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The Rail and the Road of career

My daughter was watching one of those Kindergarten videos on shapes [YouTube] and at this scene where a car is waiting for the 'Shape Train' to cross the level crossing; I ruminated a conversation between the vehicles where ...
The car wonders to itself  - "I wish I could go as fast as the train!"
The train itself responds "I wish I could roam anywhere like the car does!" [and not be forced to run only where the track goes]
I realized my rumination had a lot of similarity to the differences, perceptions and expectations of 'Corporate' vs. 'Entrepreneur' career paths. Corporate career is like the Railway - you have a defined career path to progress up, if you perform well, play your moves properly (including living with or harnessing office politics and networking), you can reach the top echelons very fast and without much financial risk on yourself.

Entrepreneurship is like driving a car on the road - you have a lot of freedom whether to take the highway, the arterial roads, by lanes and if you like it, just wander off into a cozy small village. It is this aspect that attracts professional most to it - 'independence', 'work on any idea', 'freedom to choose your work hours' etc. - a very rosy side of freelance lifestyle.

The similarities don't end here - in fact the analogy gives us several insights into the norms, habits and paradigms of success in both fields. Few examples:
  • The train must follow rules, signals, stoppages and follow timings strictly to be efficient and reach its destination on time. For the train, the key metric that matters is reaching on time because the rest of the variables are already controlled by the Railroad company.
  • The car, while free to roam exteriors, interiors - whatever - needs self discipline to stay the course. If it lacks its own discipline, it risks just making the journey, but never reaching the destination. On the positive side, that is usually something many people wish for - enjoy the journey, not the outcome.
  • Also, the railway comes with its own amenities - food in pantry (nowadays even Wifi onboard!), while you need to manage your own provisions while riding in a car.
  • There are times when both cars and trains can run at similar speeds - but cars at high speed are much riskier to drive than a train at similar speed. Hence, a good driver is more important in a car ride than a train. 
  • Finally, the train can never be owned by smaller individuals, needs huge capex to set-up and run but lacks maneuverability but cars are nimble, can get 'up-and-running' on any destination fairly quickly but are usually used only for short hauls and run on lower capacities. 
What are lessons from the analogy:

  • If you want to do well in a Corporate career - understand the explicit and tacit 'rules of the game' and follow them strictly; sometimes 'challenging status quo / establishment' may be one of the 'rules of the game'; but either ways - the better you follow the rules, the faster you will grow. When you don't get that promotion you believe you deserved - try to analyze which rules you overlooked and how to follow them in future!
  • Entrepreneurship require self discipline if you want to prosper - else you will be one of those millions of freelancers or 'small businesses' who dwarf out and remain stuck-in-the-middle without any chance of making that million dollar valuation. (It's a different matter if that's what you choose to remain - dont-report-to-anyone-small-biz-boss!)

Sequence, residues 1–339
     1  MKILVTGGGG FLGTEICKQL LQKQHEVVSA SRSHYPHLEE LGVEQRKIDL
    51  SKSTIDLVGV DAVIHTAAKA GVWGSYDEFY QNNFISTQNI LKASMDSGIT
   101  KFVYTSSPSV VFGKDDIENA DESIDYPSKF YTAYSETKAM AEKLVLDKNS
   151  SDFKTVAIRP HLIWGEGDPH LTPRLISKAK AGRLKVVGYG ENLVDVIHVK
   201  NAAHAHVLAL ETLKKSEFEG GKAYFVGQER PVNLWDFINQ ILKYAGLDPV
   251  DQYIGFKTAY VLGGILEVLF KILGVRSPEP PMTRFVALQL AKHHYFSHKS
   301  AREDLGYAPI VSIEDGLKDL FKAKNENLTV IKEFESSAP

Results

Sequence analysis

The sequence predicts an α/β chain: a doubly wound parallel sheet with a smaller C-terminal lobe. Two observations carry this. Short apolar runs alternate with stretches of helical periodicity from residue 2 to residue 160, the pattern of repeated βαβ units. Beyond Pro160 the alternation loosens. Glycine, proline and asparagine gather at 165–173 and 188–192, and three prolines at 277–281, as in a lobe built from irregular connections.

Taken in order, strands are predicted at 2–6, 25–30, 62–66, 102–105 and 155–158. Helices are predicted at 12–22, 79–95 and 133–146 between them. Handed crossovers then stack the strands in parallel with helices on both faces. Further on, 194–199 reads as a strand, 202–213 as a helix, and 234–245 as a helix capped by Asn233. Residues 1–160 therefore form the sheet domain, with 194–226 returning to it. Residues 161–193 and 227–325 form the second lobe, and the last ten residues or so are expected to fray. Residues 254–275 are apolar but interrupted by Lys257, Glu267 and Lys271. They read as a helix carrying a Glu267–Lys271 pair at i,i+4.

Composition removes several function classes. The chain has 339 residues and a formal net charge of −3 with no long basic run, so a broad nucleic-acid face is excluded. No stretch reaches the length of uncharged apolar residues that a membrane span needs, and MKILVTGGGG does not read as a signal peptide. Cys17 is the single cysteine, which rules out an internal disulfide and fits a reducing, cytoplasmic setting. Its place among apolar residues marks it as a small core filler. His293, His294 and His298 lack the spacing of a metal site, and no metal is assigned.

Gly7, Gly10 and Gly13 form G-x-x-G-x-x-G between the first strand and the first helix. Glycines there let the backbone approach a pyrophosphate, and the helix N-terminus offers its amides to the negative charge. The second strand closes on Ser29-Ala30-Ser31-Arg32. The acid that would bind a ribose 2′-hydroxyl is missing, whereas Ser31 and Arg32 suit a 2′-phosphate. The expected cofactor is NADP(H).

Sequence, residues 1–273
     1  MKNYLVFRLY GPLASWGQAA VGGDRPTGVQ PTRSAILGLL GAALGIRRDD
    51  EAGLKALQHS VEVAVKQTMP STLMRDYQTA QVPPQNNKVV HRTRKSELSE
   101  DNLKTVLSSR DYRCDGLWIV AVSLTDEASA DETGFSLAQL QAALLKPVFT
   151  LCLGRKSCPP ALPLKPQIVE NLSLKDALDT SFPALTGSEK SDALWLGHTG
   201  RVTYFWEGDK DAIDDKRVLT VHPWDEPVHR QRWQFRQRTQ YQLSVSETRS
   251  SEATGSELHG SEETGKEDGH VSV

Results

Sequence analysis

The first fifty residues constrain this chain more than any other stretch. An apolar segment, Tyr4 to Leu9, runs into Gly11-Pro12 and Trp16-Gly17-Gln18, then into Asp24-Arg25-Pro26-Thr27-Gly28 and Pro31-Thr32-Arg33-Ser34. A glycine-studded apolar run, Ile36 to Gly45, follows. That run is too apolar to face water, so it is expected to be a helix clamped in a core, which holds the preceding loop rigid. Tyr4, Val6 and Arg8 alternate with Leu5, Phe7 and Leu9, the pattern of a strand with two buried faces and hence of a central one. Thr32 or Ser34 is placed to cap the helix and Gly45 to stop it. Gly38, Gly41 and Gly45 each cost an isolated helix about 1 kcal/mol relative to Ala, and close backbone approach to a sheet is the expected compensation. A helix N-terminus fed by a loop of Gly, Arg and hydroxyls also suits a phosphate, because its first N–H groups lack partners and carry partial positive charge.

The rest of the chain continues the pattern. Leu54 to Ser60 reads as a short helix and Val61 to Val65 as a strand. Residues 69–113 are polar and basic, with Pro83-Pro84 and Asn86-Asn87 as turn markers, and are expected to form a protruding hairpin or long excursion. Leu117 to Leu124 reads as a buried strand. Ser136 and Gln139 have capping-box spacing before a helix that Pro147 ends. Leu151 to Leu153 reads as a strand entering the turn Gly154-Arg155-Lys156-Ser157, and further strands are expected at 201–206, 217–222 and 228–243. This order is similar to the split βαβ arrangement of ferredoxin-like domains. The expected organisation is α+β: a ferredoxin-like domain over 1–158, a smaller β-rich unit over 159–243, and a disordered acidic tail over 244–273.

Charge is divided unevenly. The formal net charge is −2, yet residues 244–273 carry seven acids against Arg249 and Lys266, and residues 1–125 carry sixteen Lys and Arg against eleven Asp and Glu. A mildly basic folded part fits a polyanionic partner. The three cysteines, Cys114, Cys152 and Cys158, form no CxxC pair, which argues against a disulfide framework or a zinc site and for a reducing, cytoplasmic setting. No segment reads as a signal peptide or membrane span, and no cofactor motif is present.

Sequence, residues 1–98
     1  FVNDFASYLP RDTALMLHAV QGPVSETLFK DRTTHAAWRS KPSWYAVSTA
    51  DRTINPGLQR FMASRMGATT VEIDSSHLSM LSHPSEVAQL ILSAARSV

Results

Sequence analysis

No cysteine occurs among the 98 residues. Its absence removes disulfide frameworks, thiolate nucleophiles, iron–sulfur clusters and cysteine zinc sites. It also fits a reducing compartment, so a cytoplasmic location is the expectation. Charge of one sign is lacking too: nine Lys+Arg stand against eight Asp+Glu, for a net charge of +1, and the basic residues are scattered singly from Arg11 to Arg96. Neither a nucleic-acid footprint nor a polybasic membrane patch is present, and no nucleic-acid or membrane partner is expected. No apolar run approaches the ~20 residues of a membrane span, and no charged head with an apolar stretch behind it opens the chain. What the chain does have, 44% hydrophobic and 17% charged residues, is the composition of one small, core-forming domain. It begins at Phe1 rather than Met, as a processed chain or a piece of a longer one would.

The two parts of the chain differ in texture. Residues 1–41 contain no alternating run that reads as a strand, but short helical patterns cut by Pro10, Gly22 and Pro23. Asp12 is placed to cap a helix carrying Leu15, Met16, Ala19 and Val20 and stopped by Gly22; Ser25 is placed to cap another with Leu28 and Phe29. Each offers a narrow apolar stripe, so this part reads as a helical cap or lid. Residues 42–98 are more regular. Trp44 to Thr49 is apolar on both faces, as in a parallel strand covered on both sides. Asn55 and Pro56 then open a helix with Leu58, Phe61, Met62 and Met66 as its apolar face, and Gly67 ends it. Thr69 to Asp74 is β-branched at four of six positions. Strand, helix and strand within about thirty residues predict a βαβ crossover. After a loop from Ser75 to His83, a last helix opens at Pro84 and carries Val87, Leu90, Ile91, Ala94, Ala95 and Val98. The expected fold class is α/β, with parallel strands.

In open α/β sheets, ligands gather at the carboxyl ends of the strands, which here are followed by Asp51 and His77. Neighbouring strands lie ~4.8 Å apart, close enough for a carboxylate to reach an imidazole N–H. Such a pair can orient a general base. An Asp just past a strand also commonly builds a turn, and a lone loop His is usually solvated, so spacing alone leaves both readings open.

• Don't underestimate the importance of scaffolding when planning for Entrepreneurship; from the coffee machine to courier service and office boys, all need money. Unlike 'Intrapreneurship' roles, Entrepreneurship requires that you either take care of the amenities yourself or spend on them (usually more than what big Corporates do on a per head basis). 
  • Never underestimate the importance of having a good team in a Entrepreneurial venture - in a corporate set up, a bad accountant doesn't do much harm, but for a small business venture where margins are low, making mistake of one zero can wipe of profits. Relations are more intertwined in a startup - good cofounder relationship can make or break ventures. 
  • Corporate set-ups are good for established industries requiring large capex (even if they are "new" - like Solar Power or Space travel ventures) but startups are more suited for low capex businesses which need to be agile in changing processes to 'figure out' their business models.

As Steve Blank puts it:
a startup is an organization formed to search for a repeatable and scalable business model.
Also note that I didn't compare 'Salaried' vs. 'Business' because several Business folk today feel the same 'locked in' feeling of being restricted as several 'Corporate' guys feel; while several 'Salaried' Intrapreneurs exist who have the freedom to work around their passions - some example being professionals like Devdutt Patnaik or Ajit Ranade.

So, if your objective is just to pursue your passion - you need not necessarily embrace the 'Entrepreneur' track; there are ways to pursue passions in Corporate roles as well.

This analogy can be extended much farther, but you get the gist - hope it helps those in the process of deciding to make the shift!


  1. well,
    I think salaried job is definitely slavery disguised as freedom.
    entrepreneurship has somehow acqired lot of fluff.

    for me its simply making something useful in finite/short time.
    also if one hires others as an entrepreneur - does one encourage slavery?
    concept of a company will change - all employees will be co founders.
    slowly but surely.
    Ethereum could trigger all this.


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